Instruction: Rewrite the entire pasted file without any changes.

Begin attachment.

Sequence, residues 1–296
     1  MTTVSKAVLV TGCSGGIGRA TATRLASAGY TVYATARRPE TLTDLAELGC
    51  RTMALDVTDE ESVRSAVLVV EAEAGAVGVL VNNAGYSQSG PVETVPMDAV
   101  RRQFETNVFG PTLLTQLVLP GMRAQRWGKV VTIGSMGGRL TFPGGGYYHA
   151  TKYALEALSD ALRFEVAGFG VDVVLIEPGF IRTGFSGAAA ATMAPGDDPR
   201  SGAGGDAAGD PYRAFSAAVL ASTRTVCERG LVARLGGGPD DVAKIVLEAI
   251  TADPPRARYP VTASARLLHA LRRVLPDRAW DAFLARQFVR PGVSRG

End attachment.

Sequence, residues 1–296
     1  MTTVSKAVLV TGCSGGIGRA TATRLASAGY TVYATARRPE TLTDLAELGC
    51  RTMALDVTDE ESVRSAVLVV EAEAGAVGVL VNNAGYSQSG PVETVPMDAV
   101  RRQFETNVFG PTLLTQLVLP GMRAQRWGKV VTIGSMGGRL TFPGGGYYHA
   151  TKYALEALSD ALRFEVAGFG VDVVLIEPGF IRTGFSGAAA ATMAPGDDPR
   201  SGAGGDAAGD PYRAFSAAVL ASTRTVCERG LVARLGGGPD DVAKIVLEAI
   251  TADPPRARYP VTASARLLHA LRRVLPDRAW DAFLARQFVR PGVSRG